Upper-class immigrants from Europe brought with them their fashionable social dances (los bailes de salón). The aristocracy of the viceroyalties kept up with a succession of popular European dances. These included open-couple dances, in which couples generally did not touch—such as minuet, allemande, sarabande (zarabande in Spanish), chaconne, galliard, pavane, and volta. The interdependent-couple contredanse (contradanza in Spanish) and its variations (quadrille, lancer, and cotillion) were developing during the 17th century. Such choreographed dances of intricate geometries originated in Europe before sweeping quickly through Latin American ballrooms and dance salons during the 18th century. The fashion caught on across the social spectrum; for example, indigenous dancers in northeast Mexico adopted the contradanza into their ritual expression of the matlachines dance.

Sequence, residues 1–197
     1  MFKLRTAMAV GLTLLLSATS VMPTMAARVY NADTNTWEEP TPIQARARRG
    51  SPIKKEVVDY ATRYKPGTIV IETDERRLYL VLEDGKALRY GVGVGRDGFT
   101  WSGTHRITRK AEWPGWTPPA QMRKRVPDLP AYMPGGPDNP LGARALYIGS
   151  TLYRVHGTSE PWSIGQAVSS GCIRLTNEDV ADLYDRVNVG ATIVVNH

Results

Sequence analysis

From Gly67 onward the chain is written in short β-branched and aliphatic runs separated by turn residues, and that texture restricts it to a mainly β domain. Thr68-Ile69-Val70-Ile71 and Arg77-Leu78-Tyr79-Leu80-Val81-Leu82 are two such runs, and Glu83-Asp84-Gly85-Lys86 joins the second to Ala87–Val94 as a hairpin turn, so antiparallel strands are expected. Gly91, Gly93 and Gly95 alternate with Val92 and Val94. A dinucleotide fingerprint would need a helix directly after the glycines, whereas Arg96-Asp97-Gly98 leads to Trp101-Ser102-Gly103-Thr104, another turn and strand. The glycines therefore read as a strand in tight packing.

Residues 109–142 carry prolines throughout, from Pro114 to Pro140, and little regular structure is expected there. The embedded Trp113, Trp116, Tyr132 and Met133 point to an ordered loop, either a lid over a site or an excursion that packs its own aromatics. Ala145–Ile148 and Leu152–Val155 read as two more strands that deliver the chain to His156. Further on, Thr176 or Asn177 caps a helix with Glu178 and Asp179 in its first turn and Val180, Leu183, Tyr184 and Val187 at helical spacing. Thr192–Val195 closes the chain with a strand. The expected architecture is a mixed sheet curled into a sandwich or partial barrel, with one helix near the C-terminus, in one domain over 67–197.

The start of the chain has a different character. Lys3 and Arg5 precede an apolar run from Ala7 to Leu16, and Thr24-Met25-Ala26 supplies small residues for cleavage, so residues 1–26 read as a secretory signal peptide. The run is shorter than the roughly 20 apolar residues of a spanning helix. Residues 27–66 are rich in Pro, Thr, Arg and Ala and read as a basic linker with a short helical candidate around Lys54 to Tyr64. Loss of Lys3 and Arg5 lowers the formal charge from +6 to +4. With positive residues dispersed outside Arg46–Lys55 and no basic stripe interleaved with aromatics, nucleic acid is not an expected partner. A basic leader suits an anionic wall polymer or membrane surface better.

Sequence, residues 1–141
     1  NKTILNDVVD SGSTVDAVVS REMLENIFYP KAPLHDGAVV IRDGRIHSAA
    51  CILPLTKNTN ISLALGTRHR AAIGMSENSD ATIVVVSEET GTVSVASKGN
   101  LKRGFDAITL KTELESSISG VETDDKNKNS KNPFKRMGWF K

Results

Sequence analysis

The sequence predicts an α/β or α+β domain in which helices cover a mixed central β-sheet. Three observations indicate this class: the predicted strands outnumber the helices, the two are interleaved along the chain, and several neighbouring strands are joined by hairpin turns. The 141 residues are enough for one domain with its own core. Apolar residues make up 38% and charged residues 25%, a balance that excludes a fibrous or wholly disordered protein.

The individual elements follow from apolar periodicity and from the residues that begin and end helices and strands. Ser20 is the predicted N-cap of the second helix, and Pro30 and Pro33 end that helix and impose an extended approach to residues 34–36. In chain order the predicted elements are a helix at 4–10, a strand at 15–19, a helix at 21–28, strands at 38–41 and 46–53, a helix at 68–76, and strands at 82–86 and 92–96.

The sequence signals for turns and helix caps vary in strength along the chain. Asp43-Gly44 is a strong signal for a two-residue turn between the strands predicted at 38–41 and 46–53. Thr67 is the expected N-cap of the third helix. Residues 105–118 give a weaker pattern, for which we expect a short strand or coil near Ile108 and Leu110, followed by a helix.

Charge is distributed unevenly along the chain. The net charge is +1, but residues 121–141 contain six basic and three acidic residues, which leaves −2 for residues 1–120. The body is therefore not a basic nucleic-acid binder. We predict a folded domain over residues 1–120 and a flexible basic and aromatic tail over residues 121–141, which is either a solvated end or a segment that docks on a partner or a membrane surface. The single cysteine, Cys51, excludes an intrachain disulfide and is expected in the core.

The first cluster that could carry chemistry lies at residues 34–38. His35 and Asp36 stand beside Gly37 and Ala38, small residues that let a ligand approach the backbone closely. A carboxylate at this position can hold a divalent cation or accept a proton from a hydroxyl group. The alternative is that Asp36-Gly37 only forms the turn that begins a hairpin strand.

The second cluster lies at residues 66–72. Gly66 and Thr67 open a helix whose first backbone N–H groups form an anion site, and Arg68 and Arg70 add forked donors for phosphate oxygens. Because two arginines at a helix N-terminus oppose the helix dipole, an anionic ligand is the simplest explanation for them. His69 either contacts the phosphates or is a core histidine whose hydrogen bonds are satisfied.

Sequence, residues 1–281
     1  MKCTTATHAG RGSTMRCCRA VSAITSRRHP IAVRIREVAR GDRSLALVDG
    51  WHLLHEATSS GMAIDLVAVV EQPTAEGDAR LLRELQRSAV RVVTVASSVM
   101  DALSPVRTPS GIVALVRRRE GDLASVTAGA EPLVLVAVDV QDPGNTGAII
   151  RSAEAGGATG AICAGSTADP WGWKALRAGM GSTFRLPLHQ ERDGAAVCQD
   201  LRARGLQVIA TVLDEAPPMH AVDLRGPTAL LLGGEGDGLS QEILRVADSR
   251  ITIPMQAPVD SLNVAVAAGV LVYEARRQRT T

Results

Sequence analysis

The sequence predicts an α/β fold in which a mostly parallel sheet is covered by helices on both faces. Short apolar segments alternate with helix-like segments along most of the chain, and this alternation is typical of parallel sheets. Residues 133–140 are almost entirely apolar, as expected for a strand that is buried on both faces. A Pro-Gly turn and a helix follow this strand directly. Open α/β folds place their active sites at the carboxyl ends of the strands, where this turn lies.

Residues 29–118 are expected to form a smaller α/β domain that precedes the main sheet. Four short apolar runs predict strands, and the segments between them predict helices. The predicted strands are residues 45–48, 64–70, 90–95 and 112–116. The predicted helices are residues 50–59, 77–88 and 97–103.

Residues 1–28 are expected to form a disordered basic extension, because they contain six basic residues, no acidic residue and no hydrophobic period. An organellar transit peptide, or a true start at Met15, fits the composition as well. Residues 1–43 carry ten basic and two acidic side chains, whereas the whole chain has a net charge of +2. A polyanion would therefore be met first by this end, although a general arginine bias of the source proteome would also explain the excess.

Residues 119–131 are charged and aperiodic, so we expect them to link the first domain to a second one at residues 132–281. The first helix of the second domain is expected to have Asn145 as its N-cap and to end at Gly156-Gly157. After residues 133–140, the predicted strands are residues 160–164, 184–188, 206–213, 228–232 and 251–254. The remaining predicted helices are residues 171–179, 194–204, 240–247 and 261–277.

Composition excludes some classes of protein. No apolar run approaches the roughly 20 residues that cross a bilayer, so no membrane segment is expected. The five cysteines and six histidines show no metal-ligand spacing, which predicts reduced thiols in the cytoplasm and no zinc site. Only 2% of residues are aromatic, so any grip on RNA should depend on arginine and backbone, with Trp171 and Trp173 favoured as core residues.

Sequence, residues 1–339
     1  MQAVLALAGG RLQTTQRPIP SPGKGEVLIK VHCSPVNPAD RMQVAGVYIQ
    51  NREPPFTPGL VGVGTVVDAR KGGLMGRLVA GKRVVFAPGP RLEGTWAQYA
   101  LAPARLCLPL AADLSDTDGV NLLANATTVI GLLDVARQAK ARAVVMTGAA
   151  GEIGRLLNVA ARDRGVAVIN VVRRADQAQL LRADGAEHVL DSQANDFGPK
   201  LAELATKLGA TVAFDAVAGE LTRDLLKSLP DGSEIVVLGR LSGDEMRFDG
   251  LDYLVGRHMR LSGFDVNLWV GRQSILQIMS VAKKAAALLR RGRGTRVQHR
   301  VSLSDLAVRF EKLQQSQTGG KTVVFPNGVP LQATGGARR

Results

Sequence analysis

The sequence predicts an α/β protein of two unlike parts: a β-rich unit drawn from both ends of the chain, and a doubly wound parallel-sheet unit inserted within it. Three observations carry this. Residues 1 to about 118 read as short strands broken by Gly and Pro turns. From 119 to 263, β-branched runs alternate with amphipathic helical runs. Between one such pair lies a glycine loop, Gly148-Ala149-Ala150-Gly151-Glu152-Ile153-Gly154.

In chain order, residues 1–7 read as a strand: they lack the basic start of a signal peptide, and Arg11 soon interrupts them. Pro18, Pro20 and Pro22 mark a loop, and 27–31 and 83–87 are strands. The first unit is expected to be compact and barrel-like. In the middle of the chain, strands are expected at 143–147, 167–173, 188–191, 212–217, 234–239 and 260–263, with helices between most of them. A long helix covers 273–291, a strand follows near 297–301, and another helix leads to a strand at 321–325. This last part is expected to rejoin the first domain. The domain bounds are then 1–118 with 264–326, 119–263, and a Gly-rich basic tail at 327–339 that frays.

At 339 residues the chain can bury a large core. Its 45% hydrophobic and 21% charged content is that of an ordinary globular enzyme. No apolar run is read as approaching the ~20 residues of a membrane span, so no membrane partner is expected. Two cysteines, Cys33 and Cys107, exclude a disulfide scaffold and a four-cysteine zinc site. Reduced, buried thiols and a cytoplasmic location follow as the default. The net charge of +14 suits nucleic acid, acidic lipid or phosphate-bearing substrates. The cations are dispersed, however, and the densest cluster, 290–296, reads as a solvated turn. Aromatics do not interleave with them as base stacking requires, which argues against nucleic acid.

Contradanzas and quadrilles remained common throughout Latin America and the Caribbean in the early 21st century. Their characteristic interlacing lines, bridges, circles, and grand right-and-left patterns are easily recognized in hundreds of dances. In the Caribbean, contradanzas and quadrilles included the bélè, belair, and belén, as well as kadril and numerous other variants of quadrille. In northeastern Brazil they became quadrilhas, the traditional dances for the festival of St. John the Baptist (São João) on June 24; the dances remained popular in the Northeast, and into the 21st century quadrilha competitions occurred on the state and national level.